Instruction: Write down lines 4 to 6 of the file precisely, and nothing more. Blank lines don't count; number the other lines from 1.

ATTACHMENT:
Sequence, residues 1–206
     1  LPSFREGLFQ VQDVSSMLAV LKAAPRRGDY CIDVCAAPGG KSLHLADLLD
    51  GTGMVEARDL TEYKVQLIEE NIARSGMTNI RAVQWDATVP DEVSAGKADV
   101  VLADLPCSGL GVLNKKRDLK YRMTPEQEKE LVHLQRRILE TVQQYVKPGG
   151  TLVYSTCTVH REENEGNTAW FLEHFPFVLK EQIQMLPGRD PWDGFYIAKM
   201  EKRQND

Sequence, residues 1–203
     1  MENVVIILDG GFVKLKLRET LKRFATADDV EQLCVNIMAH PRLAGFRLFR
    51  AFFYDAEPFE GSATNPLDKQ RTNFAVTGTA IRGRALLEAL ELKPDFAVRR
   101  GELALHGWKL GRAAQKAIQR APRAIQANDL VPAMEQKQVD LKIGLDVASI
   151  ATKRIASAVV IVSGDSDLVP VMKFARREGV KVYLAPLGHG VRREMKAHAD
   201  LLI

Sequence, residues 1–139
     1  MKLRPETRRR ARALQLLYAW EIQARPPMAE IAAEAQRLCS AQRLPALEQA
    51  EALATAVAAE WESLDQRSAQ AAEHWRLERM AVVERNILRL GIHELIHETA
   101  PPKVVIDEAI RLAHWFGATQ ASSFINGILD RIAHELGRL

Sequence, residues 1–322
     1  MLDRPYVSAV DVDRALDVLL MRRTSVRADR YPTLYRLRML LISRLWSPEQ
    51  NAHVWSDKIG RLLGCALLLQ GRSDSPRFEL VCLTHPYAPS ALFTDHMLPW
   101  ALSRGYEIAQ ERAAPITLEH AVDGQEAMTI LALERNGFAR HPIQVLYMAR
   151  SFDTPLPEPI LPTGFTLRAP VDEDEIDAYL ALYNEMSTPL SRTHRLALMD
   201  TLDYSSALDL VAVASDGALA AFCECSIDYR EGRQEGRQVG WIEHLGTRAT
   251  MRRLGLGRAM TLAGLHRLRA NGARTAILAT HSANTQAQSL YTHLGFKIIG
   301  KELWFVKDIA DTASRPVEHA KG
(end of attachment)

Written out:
   101  VLADLPCSGL GVLNKKRDLK YRMTPEQEKE LVHLQRRILE TVQQYVKPGG
   151  TLVYSTCTVH REENEGNTAW FLEHFPFVLK EQIQMLPGRD PWDGFYIAKM
   201  EKRQND